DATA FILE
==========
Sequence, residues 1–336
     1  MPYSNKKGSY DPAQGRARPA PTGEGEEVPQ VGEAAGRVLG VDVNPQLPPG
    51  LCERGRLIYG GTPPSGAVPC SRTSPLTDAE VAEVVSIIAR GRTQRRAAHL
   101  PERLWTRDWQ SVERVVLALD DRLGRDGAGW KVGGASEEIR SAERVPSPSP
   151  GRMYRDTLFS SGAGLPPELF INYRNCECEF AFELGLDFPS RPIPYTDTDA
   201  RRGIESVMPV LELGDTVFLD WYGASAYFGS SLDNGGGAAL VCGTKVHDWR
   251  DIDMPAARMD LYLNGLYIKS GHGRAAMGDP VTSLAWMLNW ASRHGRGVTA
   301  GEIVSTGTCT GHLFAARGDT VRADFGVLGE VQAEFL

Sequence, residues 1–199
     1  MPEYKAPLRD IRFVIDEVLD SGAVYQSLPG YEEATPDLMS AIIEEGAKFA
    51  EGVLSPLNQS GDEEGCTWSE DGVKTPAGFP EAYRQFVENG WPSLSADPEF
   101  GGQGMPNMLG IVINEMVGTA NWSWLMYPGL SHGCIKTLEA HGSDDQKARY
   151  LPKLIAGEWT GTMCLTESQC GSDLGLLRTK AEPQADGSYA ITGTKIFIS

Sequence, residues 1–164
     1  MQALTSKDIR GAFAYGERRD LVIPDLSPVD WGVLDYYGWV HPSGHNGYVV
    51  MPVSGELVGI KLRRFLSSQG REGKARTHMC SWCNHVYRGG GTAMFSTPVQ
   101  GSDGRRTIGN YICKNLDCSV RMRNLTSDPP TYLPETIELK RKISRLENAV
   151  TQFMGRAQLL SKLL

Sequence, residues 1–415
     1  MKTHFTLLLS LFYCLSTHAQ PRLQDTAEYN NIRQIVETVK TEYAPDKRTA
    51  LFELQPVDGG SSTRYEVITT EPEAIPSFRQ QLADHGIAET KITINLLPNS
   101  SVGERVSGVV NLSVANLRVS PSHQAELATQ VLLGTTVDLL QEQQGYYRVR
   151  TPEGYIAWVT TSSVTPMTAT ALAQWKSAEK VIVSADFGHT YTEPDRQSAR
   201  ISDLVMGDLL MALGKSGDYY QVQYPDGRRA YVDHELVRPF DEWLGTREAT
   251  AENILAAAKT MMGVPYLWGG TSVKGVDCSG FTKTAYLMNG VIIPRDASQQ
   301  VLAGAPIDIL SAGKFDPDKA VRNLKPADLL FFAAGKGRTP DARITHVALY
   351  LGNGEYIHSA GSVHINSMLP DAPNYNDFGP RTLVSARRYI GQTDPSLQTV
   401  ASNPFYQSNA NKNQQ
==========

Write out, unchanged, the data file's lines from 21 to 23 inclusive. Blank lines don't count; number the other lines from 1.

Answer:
    51  LFELQPVDGG SSTRYEVITT EPEAIPSFRQ QLADHGIAET KITINLLPNS
   101  SVGERVSGVV NLSVANLRVS PSHQAELATQ VLLGTTVDLL QEQQGYYRVR
   151  TPEGYIAWVT TSSVTPMTAT ALAQWKSAEK VIVSADFGHT YTEPDRQSAR